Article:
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MeditationWatch Your Thoughts

Watch Your Thoughts

Calming our minds can take a while, especially when it’s full of anxiety or stress. Today, Elisha shares an easy and fun exercise in watching our thoughts come and go peacefully, like trains at the station.

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It sometimes takes me a while to get settled. My focus might be spinning around or my energy not quite there, and the act of grounding myself becomes a huge challenge. That's why mindfulness is so important. Our thoughts can pick us up and take us for a ride, but when we choose to settle in our bodies, we can better control how we feel. So today we're going to use mindfulness to regain some balance in our minds and bodies. We'll use an exercise that helps us watch our thoughts without being overwhelmed or controlled by them, just witnessing them, choosing to meet this present moment like a friend, with curiosity and compassion. So let's get started. Find yourself a comfy position. Roll your shoulders back and forward. Give your neck a light stretch to one side, then the other, and back to center. Softly close your eyes. Breathe in for three seconds and out for five seconds. In, two, three. And out, two, three, four, five. Try this a few more times on your own, noticing how your breath moves in and out of your body. Now, as you continue this breathing pattern, notice what thoughts come up. Do they distract you? It's okay, because you can always come back to your breath. See, what we can do to avoid getting distracted is imagine our thoughts like trains in a train station. We're sitting on a bench in the train station, and our thoughts are like the trains arriving and departing. We don't have to get on the train. We can stay seated and just watch. Maybe one train rushes in and rushes out quickly. Maybe another train stays, lingering for a while. But we can always choose to take a step back and just watch instead of getting onboard. So let's take a few more slow, deep breaths, keeping ourselves firmly planted in the train station in our mind. Now let go of the breathing counts and just be here, witnessing your thoughts. Maybe the train station really comes alive and you can start labeling the trains. Is one of them thoughts of worry or sadness? Maybe there's a train dedicated to a certain relationship or event. Give yourself some time to reflect and watch your thoughts. Whenever you feel your mind has taken one of those trains, you can take a deep breath and recenter at the station. It's kind of like a video game where you come back to life in the same starting point, but there's no stakes, no score, just thoughts and you. I'll give you some time to watch your thoughts go by. Nice work. However that felt, know that you made space for mindfulness today, and your body and mind will feel calmer and more refreshed because of it. To remember this feeling, repeat after me out loud or in your head. My thoughts may come and go. My thoughts may come and go. I am here with my breath. I...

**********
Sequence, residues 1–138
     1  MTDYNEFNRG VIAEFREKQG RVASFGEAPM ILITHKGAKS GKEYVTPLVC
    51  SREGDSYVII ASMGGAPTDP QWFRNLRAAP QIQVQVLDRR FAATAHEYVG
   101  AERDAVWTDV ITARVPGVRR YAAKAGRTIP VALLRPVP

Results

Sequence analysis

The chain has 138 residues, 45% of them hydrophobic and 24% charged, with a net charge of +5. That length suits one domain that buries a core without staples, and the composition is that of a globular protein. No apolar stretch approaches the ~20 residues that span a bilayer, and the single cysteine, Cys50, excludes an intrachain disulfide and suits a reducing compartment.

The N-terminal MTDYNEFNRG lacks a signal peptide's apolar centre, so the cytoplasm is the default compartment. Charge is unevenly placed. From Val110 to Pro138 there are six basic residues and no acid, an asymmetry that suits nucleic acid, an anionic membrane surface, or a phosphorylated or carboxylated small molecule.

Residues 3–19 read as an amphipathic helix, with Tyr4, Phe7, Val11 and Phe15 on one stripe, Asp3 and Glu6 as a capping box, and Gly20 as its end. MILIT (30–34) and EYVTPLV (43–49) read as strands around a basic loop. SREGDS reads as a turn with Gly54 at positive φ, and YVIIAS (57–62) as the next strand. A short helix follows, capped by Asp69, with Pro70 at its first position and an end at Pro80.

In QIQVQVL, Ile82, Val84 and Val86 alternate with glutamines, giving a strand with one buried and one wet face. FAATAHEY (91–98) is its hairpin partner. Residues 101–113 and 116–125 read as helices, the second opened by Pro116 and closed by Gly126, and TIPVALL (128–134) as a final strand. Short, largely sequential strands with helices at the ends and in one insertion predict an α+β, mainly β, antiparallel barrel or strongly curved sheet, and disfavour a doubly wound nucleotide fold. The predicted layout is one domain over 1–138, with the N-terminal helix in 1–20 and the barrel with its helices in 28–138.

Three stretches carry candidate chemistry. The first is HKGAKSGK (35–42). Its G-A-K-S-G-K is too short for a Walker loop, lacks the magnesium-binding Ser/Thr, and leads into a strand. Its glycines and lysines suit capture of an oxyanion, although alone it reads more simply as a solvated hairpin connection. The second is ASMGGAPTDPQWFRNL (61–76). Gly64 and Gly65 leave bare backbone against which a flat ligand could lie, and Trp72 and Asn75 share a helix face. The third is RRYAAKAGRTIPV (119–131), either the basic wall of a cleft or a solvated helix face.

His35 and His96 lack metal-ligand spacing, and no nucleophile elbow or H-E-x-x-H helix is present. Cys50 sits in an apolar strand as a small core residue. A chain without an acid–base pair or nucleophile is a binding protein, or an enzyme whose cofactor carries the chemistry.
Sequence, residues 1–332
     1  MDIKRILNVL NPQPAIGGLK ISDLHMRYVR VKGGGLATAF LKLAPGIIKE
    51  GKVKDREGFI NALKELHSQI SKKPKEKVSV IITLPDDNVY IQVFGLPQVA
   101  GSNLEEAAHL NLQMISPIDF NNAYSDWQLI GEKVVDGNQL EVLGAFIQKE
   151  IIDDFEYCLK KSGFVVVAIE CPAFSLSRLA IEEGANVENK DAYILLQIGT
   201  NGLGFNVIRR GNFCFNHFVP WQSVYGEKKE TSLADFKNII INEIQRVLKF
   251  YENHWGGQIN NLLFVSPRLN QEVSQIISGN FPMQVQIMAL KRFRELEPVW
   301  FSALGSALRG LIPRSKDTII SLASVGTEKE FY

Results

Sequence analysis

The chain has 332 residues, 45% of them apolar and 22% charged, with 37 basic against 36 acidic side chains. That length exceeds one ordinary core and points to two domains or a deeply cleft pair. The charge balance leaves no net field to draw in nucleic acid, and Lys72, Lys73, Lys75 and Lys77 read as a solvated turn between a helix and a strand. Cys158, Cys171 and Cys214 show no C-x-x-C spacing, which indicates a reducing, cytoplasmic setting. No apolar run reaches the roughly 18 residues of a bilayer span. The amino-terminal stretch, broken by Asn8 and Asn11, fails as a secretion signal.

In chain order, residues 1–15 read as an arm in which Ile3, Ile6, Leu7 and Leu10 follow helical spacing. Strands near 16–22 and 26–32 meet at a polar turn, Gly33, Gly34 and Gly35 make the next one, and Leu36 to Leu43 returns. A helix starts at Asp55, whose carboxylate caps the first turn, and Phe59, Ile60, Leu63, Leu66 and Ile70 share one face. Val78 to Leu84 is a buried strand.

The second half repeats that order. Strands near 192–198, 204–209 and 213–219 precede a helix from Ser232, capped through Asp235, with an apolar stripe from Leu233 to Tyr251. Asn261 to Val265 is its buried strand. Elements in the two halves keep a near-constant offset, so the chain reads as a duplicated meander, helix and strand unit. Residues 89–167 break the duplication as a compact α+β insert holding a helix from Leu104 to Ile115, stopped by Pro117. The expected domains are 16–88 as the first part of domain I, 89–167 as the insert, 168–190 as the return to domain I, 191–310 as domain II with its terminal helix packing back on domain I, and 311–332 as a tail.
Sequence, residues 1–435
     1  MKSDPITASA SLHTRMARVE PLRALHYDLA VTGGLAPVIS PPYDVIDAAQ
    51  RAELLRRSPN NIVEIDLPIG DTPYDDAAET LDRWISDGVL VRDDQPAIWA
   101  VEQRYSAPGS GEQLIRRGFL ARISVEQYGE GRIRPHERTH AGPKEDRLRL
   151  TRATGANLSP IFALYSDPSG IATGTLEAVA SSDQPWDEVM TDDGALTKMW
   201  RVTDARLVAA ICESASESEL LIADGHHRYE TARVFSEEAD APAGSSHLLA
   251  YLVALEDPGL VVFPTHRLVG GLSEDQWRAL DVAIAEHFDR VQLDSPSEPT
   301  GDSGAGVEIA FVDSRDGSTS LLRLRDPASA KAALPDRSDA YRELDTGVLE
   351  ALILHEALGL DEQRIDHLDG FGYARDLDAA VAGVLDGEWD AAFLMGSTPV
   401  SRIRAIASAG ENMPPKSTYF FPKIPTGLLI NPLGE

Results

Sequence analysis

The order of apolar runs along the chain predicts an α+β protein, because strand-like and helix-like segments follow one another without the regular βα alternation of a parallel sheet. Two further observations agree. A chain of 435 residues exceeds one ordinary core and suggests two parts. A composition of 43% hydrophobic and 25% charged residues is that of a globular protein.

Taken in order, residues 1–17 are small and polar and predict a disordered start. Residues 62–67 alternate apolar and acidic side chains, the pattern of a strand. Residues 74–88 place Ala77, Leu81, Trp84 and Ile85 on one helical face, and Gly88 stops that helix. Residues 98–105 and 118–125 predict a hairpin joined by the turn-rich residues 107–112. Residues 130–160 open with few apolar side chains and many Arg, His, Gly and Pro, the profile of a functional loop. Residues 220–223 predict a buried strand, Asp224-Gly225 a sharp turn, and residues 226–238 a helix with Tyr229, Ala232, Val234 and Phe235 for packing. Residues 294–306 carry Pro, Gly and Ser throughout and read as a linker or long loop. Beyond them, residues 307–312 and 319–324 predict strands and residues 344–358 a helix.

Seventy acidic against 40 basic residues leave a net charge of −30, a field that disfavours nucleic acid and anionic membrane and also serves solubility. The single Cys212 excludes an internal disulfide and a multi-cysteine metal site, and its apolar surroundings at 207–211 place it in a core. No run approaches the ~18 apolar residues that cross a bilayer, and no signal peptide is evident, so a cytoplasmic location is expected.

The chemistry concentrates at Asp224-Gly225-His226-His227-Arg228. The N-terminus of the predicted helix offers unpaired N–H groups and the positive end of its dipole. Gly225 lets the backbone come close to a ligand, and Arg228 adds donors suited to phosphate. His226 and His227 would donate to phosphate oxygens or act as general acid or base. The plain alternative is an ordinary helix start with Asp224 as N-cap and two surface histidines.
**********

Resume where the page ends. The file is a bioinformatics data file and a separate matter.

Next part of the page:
Duration8 min

About your teachers

  • A former Buddhist monk, Andy has guided people in meditation and mindfulness for 20 years. In his mission to make these practices accessible to all, he co-created the Headspace app in 2010.

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  • Eve is a mindfulness teacher, overseeing Headspace’s meditation curriculum. She is passionate about sharing meditation to help others feel less stressed and experience more compassion in their lives.

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  • As a meditation teacher, Dora encourages others to live, breathe, and be with the fullness of their experiences. She loves meditation’s power to create community and bring clarity to people’s minds.

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  • Kessonga has been an acupuncturists, therapist, and meditation teacher, working to bring mindfulness to the diverse populations of the world.

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  • Rosie Acosta has studied yoga and mindfulness for more than 20 years and taught for over a decade. Rosie’s mission is to help others overcome adversity and experience radical love.

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